Monday, April 04, 2011

British Fascist is ready to use shock and awe to force social change

Those who think Nick Clegg [Leader of the Liberal party] has got a raw deal out of this Coalition should pay attention on Tuesday as the Government’s social mobility strategy is, at last, given its formal launch. Elements of the plan have already been unveiled: the appointment of Alan Milburn as the Government’s independent reviewer on social mobility; the £430-per-head “pupil premium” given to schools which educate the poorest children; and the new “access agreements” for universities which propose to charge tuition fees of more than £6,000 per annum. This week, the Deputy Prime Minister will join up the dots and – more to the point – seek to demonstrate the political will that underpins the rhetoric.

All governments say they are in favour of “social mobility” and issue appropriate platitudes. But this one seems to mean business, thanks in large part to the fire in Clegg’s belly. The ministerial committee exploring the issue has come to be recognised as a forum where important decisions are taken: Michael Gove, though not a formal member, has made a point of attending some of its meetings alongside his colleagues David Willetts and Iain Duncan Smith. The Education Secretary is wise to do so: the policies and governing strategy that are being formulated under this rubric will be deeply controversial, and (in Clegg’s eyes, at any rate) they are meant to be.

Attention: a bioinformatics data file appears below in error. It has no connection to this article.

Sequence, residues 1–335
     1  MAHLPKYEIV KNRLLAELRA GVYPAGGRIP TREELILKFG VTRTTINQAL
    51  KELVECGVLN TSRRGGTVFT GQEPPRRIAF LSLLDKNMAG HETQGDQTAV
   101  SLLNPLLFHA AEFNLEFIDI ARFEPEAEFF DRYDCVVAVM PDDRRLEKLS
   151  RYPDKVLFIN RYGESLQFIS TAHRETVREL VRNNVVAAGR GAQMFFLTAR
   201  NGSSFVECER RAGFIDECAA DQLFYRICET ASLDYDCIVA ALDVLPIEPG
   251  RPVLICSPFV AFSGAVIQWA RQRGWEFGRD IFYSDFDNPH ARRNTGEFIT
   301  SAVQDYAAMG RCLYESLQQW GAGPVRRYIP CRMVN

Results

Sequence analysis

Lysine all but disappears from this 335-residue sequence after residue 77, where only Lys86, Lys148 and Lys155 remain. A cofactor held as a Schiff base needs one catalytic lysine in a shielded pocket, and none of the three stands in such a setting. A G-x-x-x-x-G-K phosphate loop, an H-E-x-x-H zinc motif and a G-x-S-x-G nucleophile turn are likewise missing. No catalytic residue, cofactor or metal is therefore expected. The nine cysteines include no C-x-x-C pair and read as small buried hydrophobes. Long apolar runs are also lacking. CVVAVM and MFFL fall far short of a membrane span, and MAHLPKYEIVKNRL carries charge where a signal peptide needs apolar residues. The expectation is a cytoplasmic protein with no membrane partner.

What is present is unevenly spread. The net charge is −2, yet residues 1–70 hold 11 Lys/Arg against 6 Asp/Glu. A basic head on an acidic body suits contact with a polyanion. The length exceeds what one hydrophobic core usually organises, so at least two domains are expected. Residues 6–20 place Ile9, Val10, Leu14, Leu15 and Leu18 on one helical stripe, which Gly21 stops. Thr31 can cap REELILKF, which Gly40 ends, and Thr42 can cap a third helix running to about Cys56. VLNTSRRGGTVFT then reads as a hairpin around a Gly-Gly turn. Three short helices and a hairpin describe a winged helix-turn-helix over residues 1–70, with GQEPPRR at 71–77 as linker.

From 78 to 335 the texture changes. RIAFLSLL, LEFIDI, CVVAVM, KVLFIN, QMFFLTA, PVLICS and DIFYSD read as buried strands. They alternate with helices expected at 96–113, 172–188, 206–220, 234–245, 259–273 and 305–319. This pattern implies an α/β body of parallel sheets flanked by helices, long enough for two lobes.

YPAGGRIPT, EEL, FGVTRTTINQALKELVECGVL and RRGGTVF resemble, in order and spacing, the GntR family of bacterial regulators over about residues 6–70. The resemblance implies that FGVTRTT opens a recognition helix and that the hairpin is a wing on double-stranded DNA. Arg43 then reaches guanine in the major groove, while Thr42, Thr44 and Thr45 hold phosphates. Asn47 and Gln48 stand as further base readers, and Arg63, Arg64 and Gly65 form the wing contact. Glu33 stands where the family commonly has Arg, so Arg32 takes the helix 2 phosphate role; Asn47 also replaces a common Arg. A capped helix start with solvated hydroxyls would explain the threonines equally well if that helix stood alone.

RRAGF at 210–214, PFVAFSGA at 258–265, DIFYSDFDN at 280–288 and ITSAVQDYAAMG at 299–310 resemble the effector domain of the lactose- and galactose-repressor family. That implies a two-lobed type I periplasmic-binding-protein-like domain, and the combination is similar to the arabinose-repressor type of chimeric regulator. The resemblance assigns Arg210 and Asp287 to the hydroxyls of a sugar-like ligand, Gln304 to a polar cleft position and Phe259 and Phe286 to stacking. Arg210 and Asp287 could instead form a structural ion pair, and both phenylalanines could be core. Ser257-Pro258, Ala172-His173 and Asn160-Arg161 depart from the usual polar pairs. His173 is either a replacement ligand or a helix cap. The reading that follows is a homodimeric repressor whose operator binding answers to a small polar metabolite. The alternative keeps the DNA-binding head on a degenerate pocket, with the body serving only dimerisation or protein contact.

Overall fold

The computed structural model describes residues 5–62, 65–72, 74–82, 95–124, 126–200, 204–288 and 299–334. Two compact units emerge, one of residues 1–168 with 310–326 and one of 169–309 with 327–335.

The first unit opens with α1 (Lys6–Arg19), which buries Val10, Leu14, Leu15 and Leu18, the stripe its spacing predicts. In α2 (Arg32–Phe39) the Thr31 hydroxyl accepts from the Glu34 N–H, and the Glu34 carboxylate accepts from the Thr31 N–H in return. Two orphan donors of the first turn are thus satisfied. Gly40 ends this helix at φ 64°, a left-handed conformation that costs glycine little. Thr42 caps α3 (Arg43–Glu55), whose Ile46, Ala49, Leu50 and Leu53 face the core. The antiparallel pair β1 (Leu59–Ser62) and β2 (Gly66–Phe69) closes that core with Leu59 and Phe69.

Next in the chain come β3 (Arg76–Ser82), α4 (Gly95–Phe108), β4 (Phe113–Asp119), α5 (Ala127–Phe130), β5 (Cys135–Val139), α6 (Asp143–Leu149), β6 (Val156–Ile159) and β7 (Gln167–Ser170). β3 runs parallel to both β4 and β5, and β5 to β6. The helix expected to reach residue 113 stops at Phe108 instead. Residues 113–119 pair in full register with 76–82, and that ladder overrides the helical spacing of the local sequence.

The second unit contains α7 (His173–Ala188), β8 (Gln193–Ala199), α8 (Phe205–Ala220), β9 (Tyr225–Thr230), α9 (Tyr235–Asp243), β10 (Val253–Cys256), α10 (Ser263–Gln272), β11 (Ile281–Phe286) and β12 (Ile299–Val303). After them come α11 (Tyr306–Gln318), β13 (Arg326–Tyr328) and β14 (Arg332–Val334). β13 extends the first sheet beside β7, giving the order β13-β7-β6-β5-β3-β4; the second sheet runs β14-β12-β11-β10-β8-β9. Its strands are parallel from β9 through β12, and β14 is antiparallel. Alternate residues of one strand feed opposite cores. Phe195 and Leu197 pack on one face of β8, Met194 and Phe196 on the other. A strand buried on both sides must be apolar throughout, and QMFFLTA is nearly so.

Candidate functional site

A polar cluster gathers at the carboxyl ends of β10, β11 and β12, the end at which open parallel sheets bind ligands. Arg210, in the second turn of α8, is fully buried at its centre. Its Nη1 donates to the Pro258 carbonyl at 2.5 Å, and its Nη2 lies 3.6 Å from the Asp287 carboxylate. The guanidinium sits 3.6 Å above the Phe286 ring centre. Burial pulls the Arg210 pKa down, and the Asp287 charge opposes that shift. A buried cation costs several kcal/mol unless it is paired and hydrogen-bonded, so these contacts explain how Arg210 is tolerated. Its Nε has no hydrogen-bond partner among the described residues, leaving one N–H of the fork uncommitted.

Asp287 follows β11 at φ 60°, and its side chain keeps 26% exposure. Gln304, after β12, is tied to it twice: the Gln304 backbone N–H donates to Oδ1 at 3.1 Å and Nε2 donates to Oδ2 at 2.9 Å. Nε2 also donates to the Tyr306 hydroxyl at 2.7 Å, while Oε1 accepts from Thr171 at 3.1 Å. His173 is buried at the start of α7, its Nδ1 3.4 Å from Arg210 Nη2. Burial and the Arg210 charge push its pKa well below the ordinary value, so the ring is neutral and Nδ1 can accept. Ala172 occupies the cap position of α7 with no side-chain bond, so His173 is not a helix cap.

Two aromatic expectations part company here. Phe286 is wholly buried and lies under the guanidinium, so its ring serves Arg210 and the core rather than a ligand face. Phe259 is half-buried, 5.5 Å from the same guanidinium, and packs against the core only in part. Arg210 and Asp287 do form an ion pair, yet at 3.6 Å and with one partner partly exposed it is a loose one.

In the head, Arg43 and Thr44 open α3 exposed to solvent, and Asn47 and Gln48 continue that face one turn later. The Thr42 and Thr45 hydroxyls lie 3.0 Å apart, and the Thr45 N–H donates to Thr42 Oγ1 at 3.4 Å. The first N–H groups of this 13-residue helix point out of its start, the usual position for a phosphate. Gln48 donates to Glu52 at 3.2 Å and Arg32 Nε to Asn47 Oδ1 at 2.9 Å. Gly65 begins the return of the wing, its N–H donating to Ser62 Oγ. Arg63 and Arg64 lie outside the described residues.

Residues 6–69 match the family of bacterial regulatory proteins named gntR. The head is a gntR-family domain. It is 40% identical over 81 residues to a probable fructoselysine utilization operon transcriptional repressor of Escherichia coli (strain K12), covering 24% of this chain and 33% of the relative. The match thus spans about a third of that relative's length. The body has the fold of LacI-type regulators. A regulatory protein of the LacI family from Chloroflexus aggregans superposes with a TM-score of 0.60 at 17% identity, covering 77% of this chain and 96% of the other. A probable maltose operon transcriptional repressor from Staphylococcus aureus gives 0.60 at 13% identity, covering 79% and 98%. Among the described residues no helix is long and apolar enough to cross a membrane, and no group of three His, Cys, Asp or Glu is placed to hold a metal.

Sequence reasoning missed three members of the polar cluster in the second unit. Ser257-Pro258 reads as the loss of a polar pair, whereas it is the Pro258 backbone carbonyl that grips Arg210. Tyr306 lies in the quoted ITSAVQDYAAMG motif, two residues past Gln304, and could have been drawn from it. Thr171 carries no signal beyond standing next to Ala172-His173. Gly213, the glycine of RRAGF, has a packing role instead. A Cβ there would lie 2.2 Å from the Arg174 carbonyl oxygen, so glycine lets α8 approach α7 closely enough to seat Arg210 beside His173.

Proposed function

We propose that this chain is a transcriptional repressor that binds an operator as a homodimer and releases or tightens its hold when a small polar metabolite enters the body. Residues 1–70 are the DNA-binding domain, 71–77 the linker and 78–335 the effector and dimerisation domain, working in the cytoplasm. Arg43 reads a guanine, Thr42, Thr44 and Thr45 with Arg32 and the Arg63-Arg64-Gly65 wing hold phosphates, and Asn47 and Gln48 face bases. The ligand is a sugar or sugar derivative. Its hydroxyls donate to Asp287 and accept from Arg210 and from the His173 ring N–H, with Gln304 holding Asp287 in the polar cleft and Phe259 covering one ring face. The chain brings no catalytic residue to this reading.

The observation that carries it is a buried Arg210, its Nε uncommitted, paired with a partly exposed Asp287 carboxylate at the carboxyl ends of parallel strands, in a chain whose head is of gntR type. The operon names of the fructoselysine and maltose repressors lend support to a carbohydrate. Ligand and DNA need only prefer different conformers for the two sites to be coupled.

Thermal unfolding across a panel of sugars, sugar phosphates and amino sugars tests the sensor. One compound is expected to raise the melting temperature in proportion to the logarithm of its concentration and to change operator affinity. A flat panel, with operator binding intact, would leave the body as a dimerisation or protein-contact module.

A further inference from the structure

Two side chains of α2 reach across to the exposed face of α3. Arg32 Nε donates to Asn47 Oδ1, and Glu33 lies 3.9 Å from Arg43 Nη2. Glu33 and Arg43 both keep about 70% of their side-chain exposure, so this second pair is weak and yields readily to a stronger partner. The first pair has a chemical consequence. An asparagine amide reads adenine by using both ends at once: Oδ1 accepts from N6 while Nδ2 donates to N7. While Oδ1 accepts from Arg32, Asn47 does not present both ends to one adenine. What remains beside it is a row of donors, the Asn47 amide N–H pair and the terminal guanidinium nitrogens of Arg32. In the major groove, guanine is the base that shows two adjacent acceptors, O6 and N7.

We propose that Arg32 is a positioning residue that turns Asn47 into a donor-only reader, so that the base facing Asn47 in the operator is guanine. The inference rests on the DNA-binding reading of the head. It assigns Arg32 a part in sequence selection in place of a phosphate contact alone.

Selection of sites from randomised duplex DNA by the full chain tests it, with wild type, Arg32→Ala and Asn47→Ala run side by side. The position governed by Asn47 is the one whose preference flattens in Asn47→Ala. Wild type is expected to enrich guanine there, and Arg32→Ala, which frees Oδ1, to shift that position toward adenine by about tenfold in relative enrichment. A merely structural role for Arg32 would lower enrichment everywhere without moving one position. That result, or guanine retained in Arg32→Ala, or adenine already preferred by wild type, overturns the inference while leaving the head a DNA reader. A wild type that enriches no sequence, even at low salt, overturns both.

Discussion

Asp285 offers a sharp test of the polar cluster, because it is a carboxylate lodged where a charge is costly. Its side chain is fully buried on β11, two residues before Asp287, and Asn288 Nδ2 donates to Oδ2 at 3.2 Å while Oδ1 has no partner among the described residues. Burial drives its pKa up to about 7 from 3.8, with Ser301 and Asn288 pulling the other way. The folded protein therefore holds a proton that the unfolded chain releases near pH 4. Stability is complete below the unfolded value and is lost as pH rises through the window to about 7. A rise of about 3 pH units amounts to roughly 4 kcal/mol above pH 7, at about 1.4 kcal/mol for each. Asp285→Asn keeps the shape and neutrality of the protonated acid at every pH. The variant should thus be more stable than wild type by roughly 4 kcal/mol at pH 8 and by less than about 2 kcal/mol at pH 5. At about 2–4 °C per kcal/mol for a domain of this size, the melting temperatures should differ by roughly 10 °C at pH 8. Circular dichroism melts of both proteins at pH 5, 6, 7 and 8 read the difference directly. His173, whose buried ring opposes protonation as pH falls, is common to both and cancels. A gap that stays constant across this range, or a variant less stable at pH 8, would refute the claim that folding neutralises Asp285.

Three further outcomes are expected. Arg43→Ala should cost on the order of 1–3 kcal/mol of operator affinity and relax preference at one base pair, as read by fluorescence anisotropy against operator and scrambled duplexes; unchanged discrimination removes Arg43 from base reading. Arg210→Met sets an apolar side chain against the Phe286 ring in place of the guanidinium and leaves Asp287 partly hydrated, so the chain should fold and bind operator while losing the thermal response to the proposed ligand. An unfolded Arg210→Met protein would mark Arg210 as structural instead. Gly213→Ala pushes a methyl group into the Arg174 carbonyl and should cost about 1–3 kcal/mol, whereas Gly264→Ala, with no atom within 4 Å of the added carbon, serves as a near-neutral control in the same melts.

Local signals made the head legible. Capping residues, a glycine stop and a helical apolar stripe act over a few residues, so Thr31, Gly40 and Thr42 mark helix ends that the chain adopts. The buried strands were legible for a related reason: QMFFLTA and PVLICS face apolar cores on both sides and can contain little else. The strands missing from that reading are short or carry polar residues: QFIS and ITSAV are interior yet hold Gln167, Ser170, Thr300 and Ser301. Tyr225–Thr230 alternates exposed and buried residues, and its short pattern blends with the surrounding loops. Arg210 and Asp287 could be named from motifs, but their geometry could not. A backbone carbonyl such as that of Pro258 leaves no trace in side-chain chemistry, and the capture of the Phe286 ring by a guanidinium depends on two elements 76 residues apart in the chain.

As a curtain-raiser, it was disclosed last week that the Government is to publish an annual “report card” on seven key indicators, ranging from babies’ body weight and the skills learned by five-year-olds to GCSE results and adult earnings. These, Clegg insists, will not be targets but “a series of dials”, a dashboard used to check on the nation’s social wellbeing and to “trigger a reaction” when things go wrong. Without apology, he makes government sound like a giant Heath Robinson contraption, monitored by ministers in white coats with clipboards. A politician who talks about “dials” can scarcely complain if he is accused of “social engineering”.